The rapid deployment of privacy-destroying technologies by governments and businesses threatens to make informational privacy obsolete. The first part of this article describes a range of current technologies to which the law has yet to respond effectively. These include: routine collection of transactional data, growing automated surveillance in public places, deployment of facial recognition technology and other biometrics, cell-phone tracking, vehicle tracking, satellite monitoring, workplace surveillance, Internet tracking from cookies to "clicktrails", hardware-based identifiers, intellectual property-protecting "snitchware," and sense-enhanced searches that allow observers to see through everything from walls to clothes. The cumulative and reinforcing effect of these technologies may make modern life completely visible and permeable to observers; there could be nowhere to hide. The second part of this article discusses leading attempts to craft legal responses to the assault on privacy including self-regulation, privacy-enhancing technologies, data-protection law, and property-rights based solutions-in the context of three structural obstacles to privacy enhancement: consumers 'privacy myopia; important First Amendment protection of rights to collect and repeat information; and fear of what other people may do if not monitored. The article concludes that despite the warnings of information privacy pessimists, all is not lost -yet.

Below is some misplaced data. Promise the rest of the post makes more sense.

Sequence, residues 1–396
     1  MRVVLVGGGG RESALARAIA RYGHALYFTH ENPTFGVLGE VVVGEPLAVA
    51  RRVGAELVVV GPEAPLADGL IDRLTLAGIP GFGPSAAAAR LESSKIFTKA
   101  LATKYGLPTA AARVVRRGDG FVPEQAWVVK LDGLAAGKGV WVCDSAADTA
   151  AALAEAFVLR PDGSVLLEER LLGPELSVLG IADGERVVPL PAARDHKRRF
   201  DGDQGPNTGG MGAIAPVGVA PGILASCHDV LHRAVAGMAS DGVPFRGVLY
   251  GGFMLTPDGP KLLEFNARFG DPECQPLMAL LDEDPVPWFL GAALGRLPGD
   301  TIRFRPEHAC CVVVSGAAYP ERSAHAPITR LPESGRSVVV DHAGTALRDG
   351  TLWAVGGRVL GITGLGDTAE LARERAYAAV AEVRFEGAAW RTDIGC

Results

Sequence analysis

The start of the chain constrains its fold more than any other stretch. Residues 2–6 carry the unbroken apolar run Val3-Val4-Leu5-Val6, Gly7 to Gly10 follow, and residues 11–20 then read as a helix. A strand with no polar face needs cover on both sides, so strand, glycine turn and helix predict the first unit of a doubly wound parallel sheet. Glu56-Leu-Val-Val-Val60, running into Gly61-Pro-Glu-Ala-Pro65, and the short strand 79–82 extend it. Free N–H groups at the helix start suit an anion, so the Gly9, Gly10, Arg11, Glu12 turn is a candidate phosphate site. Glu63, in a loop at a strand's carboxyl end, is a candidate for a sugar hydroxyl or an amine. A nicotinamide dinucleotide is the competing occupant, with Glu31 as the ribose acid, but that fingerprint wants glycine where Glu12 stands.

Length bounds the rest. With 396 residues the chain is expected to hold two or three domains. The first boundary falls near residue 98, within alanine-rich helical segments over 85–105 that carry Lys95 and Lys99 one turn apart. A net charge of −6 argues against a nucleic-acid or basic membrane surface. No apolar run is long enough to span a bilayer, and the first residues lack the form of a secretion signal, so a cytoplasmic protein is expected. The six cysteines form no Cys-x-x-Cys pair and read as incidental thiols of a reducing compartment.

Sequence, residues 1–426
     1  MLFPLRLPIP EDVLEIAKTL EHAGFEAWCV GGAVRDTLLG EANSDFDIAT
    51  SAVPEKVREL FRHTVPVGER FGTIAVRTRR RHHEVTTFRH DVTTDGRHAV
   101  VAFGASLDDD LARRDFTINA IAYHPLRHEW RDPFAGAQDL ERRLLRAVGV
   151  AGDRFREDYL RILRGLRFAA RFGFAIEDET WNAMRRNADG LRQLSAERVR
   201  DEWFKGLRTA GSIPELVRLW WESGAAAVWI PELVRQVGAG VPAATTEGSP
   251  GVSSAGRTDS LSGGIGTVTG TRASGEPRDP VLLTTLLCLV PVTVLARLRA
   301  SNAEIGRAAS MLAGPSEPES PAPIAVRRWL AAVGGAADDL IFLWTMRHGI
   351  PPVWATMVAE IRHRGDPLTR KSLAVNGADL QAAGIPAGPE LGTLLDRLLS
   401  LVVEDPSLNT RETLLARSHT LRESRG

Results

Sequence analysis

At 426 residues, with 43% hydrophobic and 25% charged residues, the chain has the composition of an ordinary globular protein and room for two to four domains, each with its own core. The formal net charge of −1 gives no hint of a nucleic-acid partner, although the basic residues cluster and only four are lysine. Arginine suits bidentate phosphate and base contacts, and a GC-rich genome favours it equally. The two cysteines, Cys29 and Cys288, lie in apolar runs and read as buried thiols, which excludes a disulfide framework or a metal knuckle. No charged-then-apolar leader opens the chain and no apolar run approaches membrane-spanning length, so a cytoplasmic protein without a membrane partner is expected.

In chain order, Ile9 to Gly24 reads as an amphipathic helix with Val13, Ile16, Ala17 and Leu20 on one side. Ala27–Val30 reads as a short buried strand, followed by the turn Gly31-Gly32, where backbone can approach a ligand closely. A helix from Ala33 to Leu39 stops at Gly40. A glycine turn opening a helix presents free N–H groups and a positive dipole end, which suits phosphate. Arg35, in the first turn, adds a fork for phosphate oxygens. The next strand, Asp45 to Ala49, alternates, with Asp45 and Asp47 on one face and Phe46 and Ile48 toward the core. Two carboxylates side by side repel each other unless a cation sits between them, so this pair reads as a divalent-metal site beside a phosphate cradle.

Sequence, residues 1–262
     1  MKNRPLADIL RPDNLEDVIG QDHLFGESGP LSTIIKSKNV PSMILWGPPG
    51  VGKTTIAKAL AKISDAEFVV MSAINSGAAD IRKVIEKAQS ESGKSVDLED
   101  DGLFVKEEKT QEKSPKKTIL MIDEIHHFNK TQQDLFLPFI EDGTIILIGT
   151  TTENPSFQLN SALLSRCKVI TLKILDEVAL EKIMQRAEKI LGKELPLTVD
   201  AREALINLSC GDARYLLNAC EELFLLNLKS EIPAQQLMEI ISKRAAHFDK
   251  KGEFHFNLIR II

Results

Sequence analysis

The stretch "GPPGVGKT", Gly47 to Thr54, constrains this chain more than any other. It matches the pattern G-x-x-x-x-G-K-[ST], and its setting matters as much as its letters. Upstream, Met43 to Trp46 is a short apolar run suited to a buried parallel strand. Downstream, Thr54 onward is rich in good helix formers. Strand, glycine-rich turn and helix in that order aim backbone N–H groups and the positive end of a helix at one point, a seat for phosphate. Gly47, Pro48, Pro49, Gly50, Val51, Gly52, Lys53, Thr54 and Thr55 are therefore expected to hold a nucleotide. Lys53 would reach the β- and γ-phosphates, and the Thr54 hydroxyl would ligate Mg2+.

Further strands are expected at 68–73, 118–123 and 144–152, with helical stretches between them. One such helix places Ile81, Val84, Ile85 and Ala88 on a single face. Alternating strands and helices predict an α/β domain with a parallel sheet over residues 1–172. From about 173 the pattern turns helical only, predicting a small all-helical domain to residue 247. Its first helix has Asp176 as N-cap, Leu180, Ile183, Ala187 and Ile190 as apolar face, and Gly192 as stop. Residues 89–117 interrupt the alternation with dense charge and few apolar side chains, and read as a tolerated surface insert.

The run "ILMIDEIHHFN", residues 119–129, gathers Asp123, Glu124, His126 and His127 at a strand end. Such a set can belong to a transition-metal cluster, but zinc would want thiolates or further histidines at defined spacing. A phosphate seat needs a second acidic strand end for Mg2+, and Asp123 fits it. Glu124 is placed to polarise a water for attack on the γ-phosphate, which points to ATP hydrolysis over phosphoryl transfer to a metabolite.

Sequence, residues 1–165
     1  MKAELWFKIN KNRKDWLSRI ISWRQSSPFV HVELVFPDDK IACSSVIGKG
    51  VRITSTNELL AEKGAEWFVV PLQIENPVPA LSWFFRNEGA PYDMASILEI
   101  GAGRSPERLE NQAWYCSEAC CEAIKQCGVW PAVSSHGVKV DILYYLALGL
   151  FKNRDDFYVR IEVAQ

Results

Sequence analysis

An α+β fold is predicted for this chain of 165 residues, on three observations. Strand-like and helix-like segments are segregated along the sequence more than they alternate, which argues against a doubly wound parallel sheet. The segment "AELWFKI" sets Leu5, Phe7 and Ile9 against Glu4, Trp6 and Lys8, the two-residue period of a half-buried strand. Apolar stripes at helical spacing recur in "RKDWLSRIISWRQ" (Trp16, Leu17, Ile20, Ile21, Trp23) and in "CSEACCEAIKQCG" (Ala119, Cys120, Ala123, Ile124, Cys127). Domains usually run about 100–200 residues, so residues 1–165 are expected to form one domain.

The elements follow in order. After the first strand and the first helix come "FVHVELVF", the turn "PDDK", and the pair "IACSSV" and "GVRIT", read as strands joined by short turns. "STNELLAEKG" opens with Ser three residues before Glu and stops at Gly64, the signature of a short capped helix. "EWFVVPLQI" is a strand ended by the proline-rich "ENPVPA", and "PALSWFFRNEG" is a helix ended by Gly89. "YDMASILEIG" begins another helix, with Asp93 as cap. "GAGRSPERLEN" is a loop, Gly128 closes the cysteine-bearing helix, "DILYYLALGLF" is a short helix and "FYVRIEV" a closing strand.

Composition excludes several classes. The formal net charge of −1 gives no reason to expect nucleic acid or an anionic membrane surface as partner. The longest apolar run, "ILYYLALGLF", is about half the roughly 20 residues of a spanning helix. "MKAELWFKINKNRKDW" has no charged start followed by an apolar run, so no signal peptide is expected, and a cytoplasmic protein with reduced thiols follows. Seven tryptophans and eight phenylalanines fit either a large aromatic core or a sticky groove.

A. Michael Froomkin, The Death of Privacy?, 52 Stan. L. Rev. 1461 (2000).